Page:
I'm an amateur currently owning a Canon 700D and a few lenses (18-55, 10-18, 55-250 and 50 1.8 STM). As I try to do some stock photography, image quality is my main concern, and 700D has a very average sensor scoring only 61 at dxomark. I've heard dxomark ratings shouldn't be taken literally, but Canon APS-C sensors are known for poor performance for both DR and noise, and this is the case for 700D. I'm on a limited budget, so going full frame is out of my reach. Nikon APS-C cameras have about 10% larger sensor and don't have low pass filter, giving sharper images with less noise. I prefer Canon aesthetics more, but my main concern is image quality - do you think I should switch to Nikon or maybe the gains in IQ wouldn't be worth the cost (again, I'm selling stock photography, so with better image quality I could possibly sell more and cover the cost of the switch)?

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    \$\begingroup\$ Why do you think the camera is your limitation? \$\endgroup\$
    – Joanne C
    Mar 19, 2017 at 21:56
  • \$\begingroup\$ JoanneC: I'm not sure if it's a limitation, but Nikon sensors are better (no low pass filter, noise levels at higher ISOs, dynamic range etc.) \$\endgroup\$ Mar 19, 2017 at 22:00
  • \$\begingroup\$ What kind of stock are trying to do? \$\endgroup\$
    – Joanne C
    Mar 19, 2017 at 22:15
  • \$\begingroup\$ architecture (including at night), nature etc. \$\endgroup\$ Mar 19, 2017 at 22:17
  • \$\begingroup\$ I think the gist of the question isn't so much Is there a difference? - it presents all kinds of evidence that there is. Rather it appears to really be asking, Will switching from a Canon consumer grade APS-C camera and lenses to a Nikon consumer grade camera and lenses make my stock images good enough? Or alternately, What will be the effect of such a switch upon the commercial viability of my images? \$\endgroup\$
    – Michael C
    Mar 21, 2017 at 17:43

3 Answers 3


The most important thing for stock photography is composition/artistic vision.

Next is proper technique which involves both the skill of the photographer and, for things such as night architectural work and most nature photography, proper hardware such as a sturdy tripod.

Next comes high quality lenses.

Only when all of these have been taken care of do minor differences in sensor performance matter. There are good techniques that have allowed many photographers to produce stock images of outstanding quality with far less camera than a Canon 700D.

Switching from one consumer grade APS-C camera to another consumer grade APS-C camera may slightly make up for some shortcomings in technique, but it will not make any material difference in the overall quality of your stock photos.


I doubt the sensor is holding you back (for the record, I shoot Nikon). Much more goes into good IQ than just the sensor: lenses, lighting, and technique are all huge factors in the equation, this is why DxO scores should be taken as only part of the decision process.

I think I would really consider investing time in a particular style of stock and refining technique on it. Given proper lighting, approach to shots, a good sturdy tripod, and careful balancing of ISO and shutter speed, you can get appropriate quality. People have been shooting stock for a lot of years with far less capable camera bodies than the 700D. Other techniques, such as bracketing and image stacking can do a lot to eliminate noise and increase DR and IQ.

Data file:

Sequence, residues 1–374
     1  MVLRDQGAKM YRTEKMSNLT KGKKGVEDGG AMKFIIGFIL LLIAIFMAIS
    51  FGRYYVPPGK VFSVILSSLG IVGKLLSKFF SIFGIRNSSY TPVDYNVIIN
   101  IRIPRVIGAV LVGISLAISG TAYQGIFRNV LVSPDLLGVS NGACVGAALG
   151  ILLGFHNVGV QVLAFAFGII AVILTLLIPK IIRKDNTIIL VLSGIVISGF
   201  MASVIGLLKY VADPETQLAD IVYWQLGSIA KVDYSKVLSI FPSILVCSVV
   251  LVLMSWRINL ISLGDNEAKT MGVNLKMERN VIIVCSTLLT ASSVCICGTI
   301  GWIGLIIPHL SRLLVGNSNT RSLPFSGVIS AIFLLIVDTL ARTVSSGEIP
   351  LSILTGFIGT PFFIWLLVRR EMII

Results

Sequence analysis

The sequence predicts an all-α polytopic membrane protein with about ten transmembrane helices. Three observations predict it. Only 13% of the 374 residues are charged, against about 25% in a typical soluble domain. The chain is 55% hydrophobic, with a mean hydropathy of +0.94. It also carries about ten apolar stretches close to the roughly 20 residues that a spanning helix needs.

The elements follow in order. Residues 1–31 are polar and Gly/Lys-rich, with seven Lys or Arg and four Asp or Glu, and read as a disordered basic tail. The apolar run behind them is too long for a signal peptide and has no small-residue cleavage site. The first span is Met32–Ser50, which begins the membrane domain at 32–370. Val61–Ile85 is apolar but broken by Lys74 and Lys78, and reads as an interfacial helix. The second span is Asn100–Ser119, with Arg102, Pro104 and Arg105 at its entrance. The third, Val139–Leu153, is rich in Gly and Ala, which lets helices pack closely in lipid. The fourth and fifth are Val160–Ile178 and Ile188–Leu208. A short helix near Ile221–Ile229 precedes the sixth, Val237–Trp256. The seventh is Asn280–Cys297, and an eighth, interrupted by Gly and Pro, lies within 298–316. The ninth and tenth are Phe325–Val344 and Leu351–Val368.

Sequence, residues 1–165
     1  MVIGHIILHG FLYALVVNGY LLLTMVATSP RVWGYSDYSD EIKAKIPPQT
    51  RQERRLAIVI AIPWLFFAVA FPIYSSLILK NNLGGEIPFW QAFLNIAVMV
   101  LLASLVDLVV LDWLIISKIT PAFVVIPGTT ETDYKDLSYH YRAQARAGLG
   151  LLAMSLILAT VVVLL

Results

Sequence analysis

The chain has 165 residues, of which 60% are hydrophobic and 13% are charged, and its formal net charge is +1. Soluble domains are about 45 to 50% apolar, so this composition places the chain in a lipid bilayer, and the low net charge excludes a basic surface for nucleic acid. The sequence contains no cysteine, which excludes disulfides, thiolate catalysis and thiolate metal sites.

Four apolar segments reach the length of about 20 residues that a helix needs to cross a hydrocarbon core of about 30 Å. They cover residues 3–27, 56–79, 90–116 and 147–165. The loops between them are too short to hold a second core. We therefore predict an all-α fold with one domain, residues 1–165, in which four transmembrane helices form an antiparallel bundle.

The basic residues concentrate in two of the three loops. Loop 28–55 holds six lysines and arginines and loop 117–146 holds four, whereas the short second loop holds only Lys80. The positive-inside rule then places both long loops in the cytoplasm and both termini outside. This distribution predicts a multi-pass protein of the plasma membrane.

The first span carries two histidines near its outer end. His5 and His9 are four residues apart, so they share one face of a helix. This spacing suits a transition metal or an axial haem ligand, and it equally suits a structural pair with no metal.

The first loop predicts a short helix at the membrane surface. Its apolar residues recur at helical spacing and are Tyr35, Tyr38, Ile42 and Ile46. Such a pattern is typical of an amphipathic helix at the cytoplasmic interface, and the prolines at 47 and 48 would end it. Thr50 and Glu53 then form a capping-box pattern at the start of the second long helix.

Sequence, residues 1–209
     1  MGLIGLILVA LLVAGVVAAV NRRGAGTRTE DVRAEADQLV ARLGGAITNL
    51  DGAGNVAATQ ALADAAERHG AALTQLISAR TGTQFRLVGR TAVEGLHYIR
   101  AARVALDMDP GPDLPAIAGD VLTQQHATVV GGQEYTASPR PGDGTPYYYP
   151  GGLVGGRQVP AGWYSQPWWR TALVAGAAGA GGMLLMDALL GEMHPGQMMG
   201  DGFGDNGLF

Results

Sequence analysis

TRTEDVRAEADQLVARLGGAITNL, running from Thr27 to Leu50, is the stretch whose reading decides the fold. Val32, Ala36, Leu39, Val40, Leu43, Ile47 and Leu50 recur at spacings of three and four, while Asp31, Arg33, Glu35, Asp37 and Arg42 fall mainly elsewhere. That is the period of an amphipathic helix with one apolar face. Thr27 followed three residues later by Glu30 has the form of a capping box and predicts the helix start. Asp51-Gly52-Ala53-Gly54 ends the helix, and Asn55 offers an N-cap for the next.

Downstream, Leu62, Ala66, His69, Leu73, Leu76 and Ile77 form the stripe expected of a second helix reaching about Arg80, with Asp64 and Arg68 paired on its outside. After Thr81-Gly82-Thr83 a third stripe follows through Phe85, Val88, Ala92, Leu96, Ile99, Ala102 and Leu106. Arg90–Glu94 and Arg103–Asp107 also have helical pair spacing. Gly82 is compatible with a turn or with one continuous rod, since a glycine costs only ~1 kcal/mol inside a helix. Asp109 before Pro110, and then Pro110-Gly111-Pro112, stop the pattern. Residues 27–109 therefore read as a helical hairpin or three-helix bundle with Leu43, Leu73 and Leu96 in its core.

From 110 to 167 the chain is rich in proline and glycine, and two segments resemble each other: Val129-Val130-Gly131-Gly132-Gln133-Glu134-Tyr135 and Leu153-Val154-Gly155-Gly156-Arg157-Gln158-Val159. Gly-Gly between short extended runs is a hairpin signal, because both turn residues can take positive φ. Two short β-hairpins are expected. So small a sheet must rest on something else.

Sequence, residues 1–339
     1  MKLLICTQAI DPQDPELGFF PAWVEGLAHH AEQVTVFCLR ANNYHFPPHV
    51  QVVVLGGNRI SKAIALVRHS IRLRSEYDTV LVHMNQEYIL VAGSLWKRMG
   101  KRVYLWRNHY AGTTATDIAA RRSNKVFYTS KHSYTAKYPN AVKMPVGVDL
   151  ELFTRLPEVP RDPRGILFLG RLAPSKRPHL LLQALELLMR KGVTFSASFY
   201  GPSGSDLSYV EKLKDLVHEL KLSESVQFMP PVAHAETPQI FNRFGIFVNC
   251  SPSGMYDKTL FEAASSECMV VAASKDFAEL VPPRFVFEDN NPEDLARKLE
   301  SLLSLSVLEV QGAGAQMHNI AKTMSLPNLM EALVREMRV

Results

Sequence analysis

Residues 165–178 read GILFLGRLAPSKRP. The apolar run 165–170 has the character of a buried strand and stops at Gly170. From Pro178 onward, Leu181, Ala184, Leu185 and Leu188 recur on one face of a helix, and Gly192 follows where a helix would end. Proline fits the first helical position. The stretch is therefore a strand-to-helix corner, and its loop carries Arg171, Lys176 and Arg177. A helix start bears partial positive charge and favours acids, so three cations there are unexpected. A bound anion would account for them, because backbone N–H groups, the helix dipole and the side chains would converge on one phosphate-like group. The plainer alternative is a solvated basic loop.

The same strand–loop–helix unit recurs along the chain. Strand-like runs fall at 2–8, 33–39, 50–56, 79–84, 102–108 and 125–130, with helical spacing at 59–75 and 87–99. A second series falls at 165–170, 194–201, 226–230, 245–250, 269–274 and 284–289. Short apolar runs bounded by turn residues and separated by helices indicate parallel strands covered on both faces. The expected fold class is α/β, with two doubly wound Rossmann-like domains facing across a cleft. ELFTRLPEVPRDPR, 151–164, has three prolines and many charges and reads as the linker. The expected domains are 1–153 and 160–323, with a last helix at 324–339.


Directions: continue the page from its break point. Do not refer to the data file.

Until you know, for sure, that the camera is what is holding you back, I wouldn't be looking to switch.


Instead of buying into new system you should invest in better lenses. Eg. you are interested in architecture - look into tilt-shift glass. Nature? Prime telephoto.

  • \$\begingroup\$ A shift lens is not very interesting on a sensor that is not full-frame \$\endgroup\$ Mar 20, 2017 at 9:10
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    \$\begingroup\$ @user1741137 For architectural work a shift lens isn't supposed to be "interesting." It's purpose in that context is to correct perspective distortion. \$\endgroup\$
    – Michael C
    Mar 20, 2017 at 17:07
  • \$\begingroup\$ Agreed a tilt shift lens is essential for architectural work as well as quality lens's. Another very important aspect is balancing indoor light with outdoor ambient light. An architectural photographer i assist takes 7 or 8 exposure for each shot. shoot at dusk and you only have a short sweet spot of balanced light. much post production work in combining all exposures. \$\endgroup\$
    – Alaska Man
    Mar 22, 2017 at 13:51
  • \$\begingroup\$ @MichaelClark I have 3 shift lenses, and use them regularly for architectural work. When I say "interesting" I mean worth using. It's best to use a shift lens designed for a full frame sensor on a full frame camera, otherwise you are losing out a lot of the point of the lens. \$\endgroup\$ May 2, 2017 at 10:59
  • \$\begingroup\$ @user1741137 Not necessarily. Like all things equipment related it is a tradeoff. You lose some on the wide angle end and you gain some on the telephoto end. Not everyone uses lenses with movements for the same purposes. If you really want "interesting" use maximum tilt with a 2x TC + a 90mm TS-E or PC-E lens. But that is probably not going to be architectural work. \$\endgroup\$
    – Michael C
    May 2, 2017 at 11:03

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